Patient-Specific Botox Rules Are "Common Sense", Says Medical And Dental Defence Union Of Scotland
Until now, doctors have been able to issue group prescriptions of the muscle freezing toxin, used to paralyse muscles that cause wrinkles, without knowing the patients concerned. A nurse or other practitioner then performed the injections.
GMC guidance now states that a GP must be familiar with a patient's medical history, or at least have seen a picture of the patient for assessment. The guidance makes it clear that group prescriptions - or Patient Group Directions - may be suitable for the supply and administration of some injectable medicines.
"Group prescriptions for Botox could flout good medical practice and could have serious medico-legal consequences," says MDDUS medico legal adviser George Fernie. "Patient-specific prescriptions are simply common sense, and err appropriately on the side of caution.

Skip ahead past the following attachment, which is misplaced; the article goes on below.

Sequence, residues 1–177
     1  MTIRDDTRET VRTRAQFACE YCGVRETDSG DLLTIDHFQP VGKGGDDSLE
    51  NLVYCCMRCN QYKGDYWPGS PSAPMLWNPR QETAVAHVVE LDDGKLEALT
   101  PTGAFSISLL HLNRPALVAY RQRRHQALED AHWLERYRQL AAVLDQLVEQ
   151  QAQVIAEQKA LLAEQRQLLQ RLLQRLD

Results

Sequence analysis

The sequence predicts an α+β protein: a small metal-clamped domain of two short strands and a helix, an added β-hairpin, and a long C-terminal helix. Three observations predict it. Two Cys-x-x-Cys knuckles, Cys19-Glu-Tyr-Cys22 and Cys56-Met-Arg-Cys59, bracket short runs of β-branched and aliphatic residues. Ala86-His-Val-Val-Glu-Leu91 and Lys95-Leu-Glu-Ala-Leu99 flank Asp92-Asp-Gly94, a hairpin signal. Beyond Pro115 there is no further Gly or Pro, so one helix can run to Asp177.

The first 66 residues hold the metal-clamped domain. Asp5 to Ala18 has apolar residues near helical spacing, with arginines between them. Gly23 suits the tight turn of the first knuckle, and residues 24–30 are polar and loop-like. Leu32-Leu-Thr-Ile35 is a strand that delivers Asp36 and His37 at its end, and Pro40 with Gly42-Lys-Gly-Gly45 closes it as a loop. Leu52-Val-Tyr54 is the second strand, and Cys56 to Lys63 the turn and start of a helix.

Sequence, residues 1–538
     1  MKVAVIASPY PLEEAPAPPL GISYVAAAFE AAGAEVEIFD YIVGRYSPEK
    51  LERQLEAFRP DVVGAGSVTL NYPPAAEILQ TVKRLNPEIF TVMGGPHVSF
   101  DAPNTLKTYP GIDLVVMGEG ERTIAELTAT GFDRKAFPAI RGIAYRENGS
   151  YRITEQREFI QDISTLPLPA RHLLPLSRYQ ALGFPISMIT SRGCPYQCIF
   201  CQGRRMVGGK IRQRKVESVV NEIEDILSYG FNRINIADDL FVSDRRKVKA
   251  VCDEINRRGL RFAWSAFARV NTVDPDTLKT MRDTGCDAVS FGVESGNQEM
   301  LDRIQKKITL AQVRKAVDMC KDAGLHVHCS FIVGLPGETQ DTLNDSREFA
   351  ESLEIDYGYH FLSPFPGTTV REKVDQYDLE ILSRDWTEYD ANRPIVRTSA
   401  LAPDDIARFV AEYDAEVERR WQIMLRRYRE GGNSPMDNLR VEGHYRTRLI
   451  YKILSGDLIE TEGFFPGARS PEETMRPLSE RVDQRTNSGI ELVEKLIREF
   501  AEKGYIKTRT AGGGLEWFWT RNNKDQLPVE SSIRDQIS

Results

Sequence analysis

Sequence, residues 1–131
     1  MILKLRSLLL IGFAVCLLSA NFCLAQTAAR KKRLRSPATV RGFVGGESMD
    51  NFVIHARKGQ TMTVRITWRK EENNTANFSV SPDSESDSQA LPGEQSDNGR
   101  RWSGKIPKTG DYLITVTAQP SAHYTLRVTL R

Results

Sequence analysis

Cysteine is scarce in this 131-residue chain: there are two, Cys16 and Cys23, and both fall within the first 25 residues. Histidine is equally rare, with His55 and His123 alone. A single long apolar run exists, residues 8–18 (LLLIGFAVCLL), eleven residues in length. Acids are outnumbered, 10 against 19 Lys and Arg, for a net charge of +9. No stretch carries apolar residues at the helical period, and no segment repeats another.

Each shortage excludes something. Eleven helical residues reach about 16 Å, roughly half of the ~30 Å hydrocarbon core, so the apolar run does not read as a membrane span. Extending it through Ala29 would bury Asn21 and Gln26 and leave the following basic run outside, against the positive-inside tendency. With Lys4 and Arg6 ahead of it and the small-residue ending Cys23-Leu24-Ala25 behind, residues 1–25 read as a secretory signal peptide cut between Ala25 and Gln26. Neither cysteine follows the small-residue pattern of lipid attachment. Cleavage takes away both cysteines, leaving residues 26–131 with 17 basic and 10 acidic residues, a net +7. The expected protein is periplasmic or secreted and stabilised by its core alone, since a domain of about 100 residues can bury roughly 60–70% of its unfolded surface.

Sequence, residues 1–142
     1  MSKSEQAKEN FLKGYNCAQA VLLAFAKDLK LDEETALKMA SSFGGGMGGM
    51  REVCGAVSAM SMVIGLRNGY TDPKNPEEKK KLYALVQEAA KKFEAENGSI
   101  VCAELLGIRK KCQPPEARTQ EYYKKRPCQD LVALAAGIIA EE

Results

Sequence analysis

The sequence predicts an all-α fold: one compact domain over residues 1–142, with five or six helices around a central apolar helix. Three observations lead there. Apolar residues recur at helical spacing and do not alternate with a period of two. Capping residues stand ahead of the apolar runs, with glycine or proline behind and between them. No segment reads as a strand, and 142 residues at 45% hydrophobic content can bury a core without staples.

"If a patient is to be injected, a doctor must assess where to inject - and where not. Clearly, to do that, you need to know your patient. You don't have to perform the injection yourself - a nurse can do it - but you should make the assessment.
"A group prescription is like a group birthday card - fine for some, but not appropriate for all."
MDDUS is a medical defence organisation providing access to professional indemnity and expert medicolegal advice for doctors, dentists and other healthcare professionals throughout the UK.
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